In the modern day digital product management, once the design and development teams deliver their product it is the content authors who take the product to the market. It is the content people consume and not your design or code. So content authors play a critical role in moving the accessibility mission of the company moving forward. More often than not, the leadership team, design and dev teams forget that content authors need to be trained in accessibility best practices as they need to continuously create, update and work on content that helps bond with end users. In this post, we will be discussing how content authors can drive accessibility at your work place.
Content authors need not know every aspect of WCAG 2.1 success criterion and every best practice that document has outlined. Understanding and following few best practices from WCAG 2.1 will be sufficient enough to create a content that is accessible.
Let’s explore each of those WCAG 2.1 success criterion that a content author need to understand and implement.
According to WCAG SC 2.4.2 every page must be provided with a unique and descriptive title. By reading the title of the page user must understand the purpose of the page. If there are more than one tab is opened on a browser users tend to identify the pages using the title attribute. In content management systems [CMS] like WordPress, Drupal, Joomla etc. the title provided for the article/post will become the page title. In a static HTML page title tag need to be used to provide title to the page.
Headings and Lists
According to WCAG SC 1.3.1 proper info and relationships need to be provided to the content. As content authors make sure your content is broken into multiple parts with appropriate headings so that the readability is improved.
If there are list items then make sure they are marked-up appropriately. While all this looks technical WYSWYG editors on the web make it very easy. Just select the content and choose the appropriate option to format it accordingly. Content can be formatted appropriately with right mark-up using Microsoft Word and Google Docs too.
According to WCAG SC 1.1.1 every image must to be provided with appropriate alternative text. Alternative text help blind and low vision users to identify the image and understand them. Images can come in multiple forms like informative, decorative, charts, and info graphics etc.… depending on the context, each of the image needs to be handled differently.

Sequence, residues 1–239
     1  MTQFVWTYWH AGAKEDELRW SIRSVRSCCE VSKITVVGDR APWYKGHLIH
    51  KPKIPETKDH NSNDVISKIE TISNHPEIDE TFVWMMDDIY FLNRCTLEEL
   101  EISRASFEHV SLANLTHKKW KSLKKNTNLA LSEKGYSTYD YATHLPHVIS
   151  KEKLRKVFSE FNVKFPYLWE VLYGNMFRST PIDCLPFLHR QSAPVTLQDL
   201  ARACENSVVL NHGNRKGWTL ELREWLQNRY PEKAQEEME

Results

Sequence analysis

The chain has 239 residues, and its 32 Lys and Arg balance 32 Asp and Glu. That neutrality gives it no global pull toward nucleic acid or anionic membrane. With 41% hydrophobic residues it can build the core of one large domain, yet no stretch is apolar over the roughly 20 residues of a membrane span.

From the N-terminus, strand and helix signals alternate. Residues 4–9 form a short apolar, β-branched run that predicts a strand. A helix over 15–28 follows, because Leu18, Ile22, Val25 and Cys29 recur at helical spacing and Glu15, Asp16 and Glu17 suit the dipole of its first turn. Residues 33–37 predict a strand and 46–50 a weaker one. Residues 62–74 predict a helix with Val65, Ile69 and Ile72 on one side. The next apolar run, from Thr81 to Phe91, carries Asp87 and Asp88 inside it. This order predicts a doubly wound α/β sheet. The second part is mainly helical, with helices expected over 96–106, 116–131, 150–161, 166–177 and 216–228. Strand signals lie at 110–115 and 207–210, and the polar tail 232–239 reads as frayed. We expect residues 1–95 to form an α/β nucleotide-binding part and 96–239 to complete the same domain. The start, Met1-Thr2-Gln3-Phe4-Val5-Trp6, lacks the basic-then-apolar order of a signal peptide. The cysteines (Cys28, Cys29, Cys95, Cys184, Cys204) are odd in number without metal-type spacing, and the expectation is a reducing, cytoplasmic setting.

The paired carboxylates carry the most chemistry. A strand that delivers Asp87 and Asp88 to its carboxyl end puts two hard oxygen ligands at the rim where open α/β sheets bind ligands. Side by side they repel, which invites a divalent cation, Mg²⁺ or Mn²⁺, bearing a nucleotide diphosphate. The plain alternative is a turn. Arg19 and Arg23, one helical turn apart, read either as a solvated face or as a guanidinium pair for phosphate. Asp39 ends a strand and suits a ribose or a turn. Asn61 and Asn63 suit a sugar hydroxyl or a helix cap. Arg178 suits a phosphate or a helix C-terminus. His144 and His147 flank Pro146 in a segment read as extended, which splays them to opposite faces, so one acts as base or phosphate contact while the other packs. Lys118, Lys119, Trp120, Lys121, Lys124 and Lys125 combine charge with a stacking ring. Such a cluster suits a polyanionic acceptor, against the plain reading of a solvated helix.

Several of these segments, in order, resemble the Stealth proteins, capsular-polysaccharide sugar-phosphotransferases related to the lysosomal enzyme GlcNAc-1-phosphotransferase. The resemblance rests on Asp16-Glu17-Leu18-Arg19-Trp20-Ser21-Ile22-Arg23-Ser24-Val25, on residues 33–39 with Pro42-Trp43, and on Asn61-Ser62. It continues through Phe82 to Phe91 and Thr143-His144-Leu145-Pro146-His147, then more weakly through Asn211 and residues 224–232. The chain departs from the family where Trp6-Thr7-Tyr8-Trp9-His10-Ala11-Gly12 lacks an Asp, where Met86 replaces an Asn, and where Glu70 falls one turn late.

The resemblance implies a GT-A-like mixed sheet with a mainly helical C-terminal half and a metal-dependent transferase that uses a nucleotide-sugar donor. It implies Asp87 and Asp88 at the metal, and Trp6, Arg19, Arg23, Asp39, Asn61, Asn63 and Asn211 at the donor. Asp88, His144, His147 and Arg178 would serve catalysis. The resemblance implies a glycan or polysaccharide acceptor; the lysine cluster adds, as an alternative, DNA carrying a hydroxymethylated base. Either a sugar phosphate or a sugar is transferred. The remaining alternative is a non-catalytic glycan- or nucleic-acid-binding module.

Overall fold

- Informative images need to be provided concise and short alternative text that is meaningful.
- Decorative images need to be provided with alt=”” or role=”none”.
- Charts and info graphics need long descriptions…
As content authors, the only part you are playing is to judge the image type and whether they require short text alternative or a long description. Do not worry! The content authoring tools are once again built with capabilities to guide you through the process of providing alternative text for images.
Captions and Transcripts
Today’s World Wide Web is built on the concept of multimedia and the second largest search engine is YouTube the most famous video sharing site. People are producing content using audio and video like never before. According to the new study, video is predicted to account for an unprecedented 82% of all Internet traffic by 2020. … Just imagine if all this content is not accessible. According to WCAG SC 1.2.2 and SC 1.2.3 captions, text transcripts and audio descriptions play a crucial role in making multimedia accessible.
Descriptive Link Text
According to WCAG SC 2.4.4 the purpose of the link must be clear within its context…As a content author avoid providing link text like click here and read more. Every link text need to be clear and user should be able to guess where the link might take them once the link is activated. While linking to documents like PDF, Word Docs or any other file make sure that the file extension is specified in the link text. It is also a best practice to let the user know if a link redirects to an external site, for this reason some websites have adopted the practice of providing the word external at the end of the link text to let the user know that it is an external link and will take the user to a new website.
Accessibility Checklist for Content Authors
To sum up, here is a checklist that you can tick whenever you author the content!
- Provide a unique page title.
- Make sure title describes purpose of the page.
- Emphasis – Use and instead of using Italics and Bold texts to highlight important texts; use
to mark quotations.
- Headings – Provide hierarchically logical heading markup for the contents.
- Lists – Markup the contents that logically fall into list as ordered or unordered list. Do not put huge text blocks which is otherwise are paragraphs as lists.
- Provide captions for the video that has audio.
- Provide audio descriptions if possible.
- Provide text transcripts for the video.
- Avoid ambiguous links like “here” or “click here”.
- Let the purpose of the link be clear just by the link text alone.
While this is not an exhaustive guidelines or set of rules, we believe baby steps are needed for any user to get hang of accessibility and the complexity involved in understanding it. The tips discussed above will enable any content author who is not familiarized with accessibility to get started and move forward from there.